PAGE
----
Tag Archives: Stevenston

Explosive ancestors: Alfred Nobel’s dynamite factory at Stevenston

Alfred Nobel discovered dynamite in 1865. A group of Scottish businessmen realised its potential in mining and formed the British Dynamite Company. Looking for a manufacturing site not too close to houses, they chose the rather desolate beachside location of Ardeer, between Stevenston and Irvine, in Ayrshire. The first batch of nitro-glycerine, produced by Alfred Nobel himself, was made there in 1873, and the factory employed a number of local people, including some of my Hunter ancestors. In 1877 Nobel discovered basting gelatine, and the British Dynamite Company became a major manufacturer. It went on to become the largest explosives factory in the world, and the company eventually became part of ICI.

Mary Hunter, born in Stevenston in 1833, had an illegitimate son Robert Hunter in 1853 and she then married Robert Hamilton and had another 9 children. Mary, her coal miner husband and children lived at Schoolwell Street in the Kirkgate area of Stevenston. Her son Robert Hunter lived with them and initially worked as a coal miner. Mary’s husband died in about 1889, and by 1891 the dynamite factory had become a place of work for several members of the family. Robert Hunter was working there as a labourer and his half sister Marion was a dynamite worker. By 1901, Robert was still there, his half sister Gilberta was an explosive cartridge girl and his half sister Martha was a cordite mixer. The Ardeer factory must have been offering better wages than the traditional, textile based jobs for girls.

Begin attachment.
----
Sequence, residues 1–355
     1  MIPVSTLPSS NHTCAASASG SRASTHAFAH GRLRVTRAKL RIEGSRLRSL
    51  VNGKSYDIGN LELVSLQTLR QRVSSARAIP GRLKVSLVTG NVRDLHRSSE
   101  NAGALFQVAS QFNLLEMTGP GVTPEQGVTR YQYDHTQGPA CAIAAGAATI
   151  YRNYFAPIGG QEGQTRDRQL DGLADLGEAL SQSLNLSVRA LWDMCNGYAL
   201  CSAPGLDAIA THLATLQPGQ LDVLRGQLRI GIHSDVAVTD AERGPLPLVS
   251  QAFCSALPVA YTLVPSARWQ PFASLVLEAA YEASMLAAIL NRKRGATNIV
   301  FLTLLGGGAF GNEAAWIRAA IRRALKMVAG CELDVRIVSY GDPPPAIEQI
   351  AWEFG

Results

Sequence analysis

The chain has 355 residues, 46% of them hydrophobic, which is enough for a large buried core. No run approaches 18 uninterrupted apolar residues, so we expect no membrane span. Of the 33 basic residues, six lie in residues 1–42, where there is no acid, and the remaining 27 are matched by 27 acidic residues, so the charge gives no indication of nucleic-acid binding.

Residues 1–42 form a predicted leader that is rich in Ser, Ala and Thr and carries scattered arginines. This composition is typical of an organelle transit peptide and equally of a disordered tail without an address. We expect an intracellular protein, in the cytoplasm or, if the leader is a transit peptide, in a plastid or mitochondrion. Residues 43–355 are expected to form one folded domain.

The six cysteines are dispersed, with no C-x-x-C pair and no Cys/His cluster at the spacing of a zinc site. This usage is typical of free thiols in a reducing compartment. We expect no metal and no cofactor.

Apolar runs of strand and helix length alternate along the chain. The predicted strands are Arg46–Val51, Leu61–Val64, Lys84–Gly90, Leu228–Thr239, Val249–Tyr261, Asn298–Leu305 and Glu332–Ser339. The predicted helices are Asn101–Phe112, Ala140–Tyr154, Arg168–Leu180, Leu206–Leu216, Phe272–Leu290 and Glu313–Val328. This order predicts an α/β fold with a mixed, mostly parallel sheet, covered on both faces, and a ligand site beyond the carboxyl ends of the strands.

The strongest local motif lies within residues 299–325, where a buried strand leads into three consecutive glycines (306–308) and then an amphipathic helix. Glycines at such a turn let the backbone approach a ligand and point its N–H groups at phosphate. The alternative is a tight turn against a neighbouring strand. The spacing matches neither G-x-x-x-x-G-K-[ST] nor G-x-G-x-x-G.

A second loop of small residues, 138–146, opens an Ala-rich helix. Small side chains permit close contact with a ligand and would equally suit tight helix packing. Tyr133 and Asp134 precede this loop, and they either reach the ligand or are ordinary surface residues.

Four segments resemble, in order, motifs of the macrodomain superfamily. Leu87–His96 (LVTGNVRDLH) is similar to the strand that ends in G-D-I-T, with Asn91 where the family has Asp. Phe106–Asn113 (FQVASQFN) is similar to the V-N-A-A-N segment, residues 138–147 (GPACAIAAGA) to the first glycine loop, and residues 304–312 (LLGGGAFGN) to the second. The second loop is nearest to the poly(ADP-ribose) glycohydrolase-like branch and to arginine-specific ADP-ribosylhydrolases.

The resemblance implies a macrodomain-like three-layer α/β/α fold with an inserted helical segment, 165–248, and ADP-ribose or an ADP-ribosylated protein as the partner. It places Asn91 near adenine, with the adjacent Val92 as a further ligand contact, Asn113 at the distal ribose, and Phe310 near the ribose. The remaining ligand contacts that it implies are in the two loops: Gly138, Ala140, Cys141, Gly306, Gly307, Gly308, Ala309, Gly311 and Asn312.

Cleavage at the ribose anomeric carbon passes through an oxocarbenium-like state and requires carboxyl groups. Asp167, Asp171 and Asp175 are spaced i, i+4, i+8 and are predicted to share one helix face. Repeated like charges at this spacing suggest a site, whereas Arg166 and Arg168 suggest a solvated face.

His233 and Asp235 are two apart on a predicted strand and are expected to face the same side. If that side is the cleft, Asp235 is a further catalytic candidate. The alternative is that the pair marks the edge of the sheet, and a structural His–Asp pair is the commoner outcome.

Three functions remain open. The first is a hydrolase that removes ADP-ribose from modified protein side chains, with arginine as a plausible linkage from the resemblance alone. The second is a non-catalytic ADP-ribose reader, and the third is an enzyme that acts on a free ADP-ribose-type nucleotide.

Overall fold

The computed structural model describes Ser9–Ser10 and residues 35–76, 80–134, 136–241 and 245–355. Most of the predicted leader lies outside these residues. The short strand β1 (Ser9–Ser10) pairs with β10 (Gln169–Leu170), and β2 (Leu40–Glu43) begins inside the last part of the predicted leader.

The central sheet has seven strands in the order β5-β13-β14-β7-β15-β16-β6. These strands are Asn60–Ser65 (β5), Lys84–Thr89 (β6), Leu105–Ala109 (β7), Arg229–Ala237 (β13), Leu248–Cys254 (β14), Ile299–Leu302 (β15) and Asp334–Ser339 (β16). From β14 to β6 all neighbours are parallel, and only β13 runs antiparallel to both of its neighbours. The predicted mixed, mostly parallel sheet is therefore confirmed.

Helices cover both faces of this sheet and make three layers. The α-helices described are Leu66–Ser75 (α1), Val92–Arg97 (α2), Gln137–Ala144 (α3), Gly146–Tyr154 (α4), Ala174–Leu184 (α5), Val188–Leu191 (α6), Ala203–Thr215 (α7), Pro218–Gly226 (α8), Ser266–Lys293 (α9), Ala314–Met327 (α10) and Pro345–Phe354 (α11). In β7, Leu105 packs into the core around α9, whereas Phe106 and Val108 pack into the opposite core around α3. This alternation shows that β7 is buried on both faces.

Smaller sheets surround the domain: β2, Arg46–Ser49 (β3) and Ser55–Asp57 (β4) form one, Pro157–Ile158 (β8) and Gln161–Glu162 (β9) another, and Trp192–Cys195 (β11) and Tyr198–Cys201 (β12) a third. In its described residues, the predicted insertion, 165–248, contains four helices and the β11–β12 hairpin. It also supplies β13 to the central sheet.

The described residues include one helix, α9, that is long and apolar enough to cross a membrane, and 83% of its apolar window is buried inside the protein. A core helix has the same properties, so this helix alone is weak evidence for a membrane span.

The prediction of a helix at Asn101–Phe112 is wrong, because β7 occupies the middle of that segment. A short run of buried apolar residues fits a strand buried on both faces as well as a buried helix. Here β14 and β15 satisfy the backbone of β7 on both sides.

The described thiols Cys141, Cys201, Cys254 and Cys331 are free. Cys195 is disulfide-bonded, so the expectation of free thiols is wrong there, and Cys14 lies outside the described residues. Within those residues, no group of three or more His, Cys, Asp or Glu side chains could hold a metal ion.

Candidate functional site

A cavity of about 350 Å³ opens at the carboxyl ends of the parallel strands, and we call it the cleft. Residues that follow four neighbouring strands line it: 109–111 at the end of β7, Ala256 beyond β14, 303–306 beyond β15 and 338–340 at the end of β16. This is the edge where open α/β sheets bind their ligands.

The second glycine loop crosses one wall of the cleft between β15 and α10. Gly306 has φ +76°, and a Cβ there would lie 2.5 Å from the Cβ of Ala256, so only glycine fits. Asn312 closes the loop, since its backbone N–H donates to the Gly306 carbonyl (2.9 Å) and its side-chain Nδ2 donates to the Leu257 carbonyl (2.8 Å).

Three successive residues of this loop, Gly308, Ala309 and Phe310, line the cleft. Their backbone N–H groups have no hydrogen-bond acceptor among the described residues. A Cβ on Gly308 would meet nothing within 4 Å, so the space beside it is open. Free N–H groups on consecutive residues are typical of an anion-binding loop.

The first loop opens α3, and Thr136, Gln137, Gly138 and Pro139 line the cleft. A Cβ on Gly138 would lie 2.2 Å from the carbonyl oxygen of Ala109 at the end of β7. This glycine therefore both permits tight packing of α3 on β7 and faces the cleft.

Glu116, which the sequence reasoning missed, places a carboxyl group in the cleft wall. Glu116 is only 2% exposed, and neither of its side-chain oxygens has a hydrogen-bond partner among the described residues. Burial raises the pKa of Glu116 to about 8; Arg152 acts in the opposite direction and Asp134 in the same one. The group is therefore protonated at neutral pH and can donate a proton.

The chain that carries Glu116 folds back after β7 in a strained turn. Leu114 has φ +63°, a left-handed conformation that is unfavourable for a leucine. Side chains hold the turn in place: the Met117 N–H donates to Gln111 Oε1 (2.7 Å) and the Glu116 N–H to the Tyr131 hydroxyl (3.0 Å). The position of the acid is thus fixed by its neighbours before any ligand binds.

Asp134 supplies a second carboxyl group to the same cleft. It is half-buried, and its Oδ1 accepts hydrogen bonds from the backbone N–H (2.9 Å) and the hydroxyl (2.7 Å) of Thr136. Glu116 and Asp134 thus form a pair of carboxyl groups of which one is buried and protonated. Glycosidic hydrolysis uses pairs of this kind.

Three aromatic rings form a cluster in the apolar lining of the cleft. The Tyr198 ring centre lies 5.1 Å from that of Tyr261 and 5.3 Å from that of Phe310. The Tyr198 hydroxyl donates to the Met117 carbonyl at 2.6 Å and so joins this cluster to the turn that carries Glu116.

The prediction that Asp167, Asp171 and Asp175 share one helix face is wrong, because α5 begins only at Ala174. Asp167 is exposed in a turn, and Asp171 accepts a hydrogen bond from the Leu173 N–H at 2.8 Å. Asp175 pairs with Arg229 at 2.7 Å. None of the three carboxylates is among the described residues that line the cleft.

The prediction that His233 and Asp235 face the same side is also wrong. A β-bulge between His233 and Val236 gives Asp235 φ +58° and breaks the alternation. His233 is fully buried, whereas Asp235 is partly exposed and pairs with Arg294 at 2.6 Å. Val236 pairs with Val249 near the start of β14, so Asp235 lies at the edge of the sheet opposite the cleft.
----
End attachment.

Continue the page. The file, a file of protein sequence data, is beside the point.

My Haddow ancestors from Ayrshire

I’ve just added details to the Haddow page, which tells of my Great Grandmother Jeannie Haddow and her parents John Haddow and Amelia Murphy. I was glad to discover Amelia, as this told me why the name Amelia has run in the Strachan family: I had an aunt Amelia, known as Milly, who migrated to Canada. She was my father’s favourite sister and he missed her.

So that’s all the pages for my grandparents and great grandparents lines done now. When I have time I’ll write up what I know about the families that connect to my great great grandparents through marriage, and add more detail about the lives of the ancestors I’ve already put on a page.

Today, however, it is Sunday and it’s lovely and sunny outside, a very welcome change after the snow and rain of last week, so ancestors will have to wait as the garden is in need of some urgent maintenance.